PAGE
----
I selected this User Science Journal blog (http://responserequest.com/branchb/) for my first analytics experiment, because I have the ability to add analytics and make changes at will.
Adding the Analytics
Adding analytics to this WordPress blog was relatively simple process. All that was needed was adding the scripts generated by Google Analytics to the site’s header, which is located in the settings. Scripts can also be added to the header of individual pages that are being tracked.
I made the following assumptions about this site prior to data collection with Google Analytics and will explore whether they are supported by the data in this article.
- The majority of users hail from the U.S. and more locally the Seattle area.
- The majority of users will enter the site from the home page.
- The home page is the most popular, because it is a blog and all of the content is available in a continuous scroll.
Preliminary Findings from Data Collection
Overview of all sessions on this site during the collection period Aug 1 to Aug 7.
The majority of users hail from the U.S. and more locally the Seattle area.
As predicted the majority of the users were from the U.S. It is interesting to note, however, that there were international users from both Iraq and India.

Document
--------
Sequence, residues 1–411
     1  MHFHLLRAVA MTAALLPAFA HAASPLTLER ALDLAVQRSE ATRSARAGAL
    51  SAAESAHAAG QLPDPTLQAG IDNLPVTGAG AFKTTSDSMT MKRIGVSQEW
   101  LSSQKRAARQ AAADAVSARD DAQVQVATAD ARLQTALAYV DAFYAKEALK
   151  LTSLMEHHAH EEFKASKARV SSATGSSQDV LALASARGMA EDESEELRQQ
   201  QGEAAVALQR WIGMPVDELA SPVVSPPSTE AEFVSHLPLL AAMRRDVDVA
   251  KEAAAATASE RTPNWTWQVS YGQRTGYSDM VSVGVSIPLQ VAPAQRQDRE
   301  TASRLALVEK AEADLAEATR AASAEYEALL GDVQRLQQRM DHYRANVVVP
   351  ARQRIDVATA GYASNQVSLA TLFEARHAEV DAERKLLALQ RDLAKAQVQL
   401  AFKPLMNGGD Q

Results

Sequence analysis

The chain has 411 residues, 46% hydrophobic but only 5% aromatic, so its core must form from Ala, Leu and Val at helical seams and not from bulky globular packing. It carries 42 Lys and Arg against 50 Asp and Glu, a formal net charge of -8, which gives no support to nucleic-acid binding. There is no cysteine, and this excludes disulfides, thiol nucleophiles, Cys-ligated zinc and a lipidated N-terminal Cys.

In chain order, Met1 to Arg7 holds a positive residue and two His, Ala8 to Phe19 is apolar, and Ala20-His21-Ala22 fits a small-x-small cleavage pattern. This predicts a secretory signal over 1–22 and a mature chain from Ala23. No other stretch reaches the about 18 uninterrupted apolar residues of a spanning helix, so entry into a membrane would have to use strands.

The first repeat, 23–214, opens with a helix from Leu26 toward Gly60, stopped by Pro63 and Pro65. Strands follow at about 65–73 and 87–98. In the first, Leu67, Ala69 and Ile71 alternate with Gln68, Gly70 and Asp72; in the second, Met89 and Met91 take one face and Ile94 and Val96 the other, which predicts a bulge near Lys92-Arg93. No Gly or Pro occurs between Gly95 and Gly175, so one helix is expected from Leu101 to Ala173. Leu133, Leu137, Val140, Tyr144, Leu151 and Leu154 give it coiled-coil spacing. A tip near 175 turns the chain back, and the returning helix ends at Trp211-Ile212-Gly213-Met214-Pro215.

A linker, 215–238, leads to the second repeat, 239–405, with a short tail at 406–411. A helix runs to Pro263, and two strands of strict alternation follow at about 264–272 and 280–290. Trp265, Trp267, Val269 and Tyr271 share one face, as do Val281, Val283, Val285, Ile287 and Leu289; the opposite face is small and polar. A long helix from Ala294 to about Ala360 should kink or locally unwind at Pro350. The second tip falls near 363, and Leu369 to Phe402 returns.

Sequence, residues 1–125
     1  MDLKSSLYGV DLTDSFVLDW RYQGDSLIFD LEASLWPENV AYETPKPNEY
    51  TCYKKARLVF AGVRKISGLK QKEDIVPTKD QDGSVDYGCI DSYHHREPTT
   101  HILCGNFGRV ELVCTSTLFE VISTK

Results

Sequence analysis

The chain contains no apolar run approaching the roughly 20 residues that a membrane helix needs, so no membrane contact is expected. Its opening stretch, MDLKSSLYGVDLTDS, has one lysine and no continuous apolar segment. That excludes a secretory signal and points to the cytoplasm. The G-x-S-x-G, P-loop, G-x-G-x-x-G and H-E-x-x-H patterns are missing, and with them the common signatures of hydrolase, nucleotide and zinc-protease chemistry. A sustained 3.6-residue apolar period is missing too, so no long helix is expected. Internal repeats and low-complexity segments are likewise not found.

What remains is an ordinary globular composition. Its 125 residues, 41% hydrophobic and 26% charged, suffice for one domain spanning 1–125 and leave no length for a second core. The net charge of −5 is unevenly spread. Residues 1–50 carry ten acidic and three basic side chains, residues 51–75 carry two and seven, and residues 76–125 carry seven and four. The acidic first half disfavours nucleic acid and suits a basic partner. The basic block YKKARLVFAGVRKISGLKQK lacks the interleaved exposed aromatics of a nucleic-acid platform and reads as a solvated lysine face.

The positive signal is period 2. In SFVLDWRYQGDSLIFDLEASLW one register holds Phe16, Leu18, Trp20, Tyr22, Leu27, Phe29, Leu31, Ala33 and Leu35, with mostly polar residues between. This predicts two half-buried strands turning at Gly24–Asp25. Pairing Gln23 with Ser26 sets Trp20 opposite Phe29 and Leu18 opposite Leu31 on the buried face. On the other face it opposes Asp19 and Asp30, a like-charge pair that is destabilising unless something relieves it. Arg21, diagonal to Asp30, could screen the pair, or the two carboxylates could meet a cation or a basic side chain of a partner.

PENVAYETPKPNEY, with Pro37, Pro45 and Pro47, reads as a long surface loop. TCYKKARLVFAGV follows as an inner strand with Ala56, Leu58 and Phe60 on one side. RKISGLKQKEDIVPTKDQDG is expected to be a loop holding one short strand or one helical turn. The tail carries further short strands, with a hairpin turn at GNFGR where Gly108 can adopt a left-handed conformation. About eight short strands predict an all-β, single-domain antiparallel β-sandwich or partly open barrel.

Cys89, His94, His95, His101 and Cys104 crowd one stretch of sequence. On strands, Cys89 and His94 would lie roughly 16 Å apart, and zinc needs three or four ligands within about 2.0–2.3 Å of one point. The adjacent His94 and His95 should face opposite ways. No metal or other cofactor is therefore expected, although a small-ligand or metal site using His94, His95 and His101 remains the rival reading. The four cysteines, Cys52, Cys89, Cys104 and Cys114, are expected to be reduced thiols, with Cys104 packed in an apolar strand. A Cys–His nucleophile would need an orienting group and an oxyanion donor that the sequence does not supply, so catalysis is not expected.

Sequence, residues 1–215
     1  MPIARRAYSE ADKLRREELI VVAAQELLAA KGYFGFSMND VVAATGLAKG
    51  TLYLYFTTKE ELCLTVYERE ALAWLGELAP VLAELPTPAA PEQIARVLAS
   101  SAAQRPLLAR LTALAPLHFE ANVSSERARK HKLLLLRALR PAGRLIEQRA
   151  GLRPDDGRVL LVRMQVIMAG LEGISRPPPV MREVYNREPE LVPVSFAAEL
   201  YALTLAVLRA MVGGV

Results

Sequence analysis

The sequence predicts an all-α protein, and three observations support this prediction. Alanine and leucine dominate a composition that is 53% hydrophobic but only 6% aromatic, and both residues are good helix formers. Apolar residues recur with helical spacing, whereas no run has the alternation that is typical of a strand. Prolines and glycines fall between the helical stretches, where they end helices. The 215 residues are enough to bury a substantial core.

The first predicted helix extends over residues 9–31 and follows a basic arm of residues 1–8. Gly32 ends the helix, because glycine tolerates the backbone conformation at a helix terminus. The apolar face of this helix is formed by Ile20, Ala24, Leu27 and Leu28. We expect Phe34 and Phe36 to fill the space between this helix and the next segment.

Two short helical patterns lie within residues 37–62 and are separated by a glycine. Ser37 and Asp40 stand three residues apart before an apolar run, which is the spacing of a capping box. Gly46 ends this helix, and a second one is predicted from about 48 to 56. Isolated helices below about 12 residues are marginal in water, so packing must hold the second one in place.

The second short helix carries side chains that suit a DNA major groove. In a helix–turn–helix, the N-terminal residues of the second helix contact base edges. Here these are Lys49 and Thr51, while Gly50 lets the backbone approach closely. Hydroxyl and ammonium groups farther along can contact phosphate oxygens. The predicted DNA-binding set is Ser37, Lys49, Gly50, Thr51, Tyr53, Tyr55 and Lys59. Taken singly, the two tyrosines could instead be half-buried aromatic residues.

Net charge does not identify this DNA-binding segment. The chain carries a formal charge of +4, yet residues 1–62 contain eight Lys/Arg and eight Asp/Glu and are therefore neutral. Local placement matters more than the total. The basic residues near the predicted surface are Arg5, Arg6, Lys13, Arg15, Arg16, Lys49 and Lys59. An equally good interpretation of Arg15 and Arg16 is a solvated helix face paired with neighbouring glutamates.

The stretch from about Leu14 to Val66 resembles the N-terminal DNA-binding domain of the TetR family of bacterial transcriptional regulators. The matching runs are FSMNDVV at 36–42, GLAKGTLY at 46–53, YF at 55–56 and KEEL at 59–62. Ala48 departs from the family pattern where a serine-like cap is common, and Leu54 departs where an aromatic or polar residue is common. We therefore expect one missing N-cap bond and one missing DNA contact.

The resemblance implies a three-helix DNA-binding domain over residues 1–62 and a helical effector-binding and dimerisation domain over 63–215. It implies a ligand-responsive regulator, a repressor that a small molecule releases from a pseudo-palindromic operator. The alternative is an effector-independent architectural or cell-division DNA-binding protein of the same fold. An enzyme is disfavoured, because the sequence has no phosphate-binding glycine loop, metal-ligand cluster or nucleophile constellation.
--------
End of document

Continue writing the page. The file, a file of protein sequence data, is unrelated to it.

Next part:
Also as predicted the majority of users were located in the Seattle area or in nearby northwest.locales. It was surprising that the 2nd most common “city” was from users not sharing city location at all.
The majority of users will enter the site from the home page.
The home page is the most likely entry point or landing page for users and this was supported by the data collection. Out 18 total sessions, 13 began on the home page, responserequest.com/branchb/.
The home page is the most popular, because it is a blog and all of the content is available in a continuous scroll.
As well as being the most common landing page, the “User Science Journal” home page was also the most popular among users with 34 page views out of 46 total views. Users spent an average time of 01:54 on this page.
Out of Curiosity
I also examined data grouping channel types. The majority of traffic came from a direct source, which would be consistent with my contacts who clicked through a link I sent to them via email. Others came via a link I shared on social media (Facebook).
The remainder came from referral sources I didn’t recognize. Here is a more detailed view.
My preliminary findings, using the data collected with Google Analytics, support all pre-evaluation statements.
I also discovered that, although the majority of traffic came from sources I generated through my personal contacts, 16.67% of traffic was referred by other sources.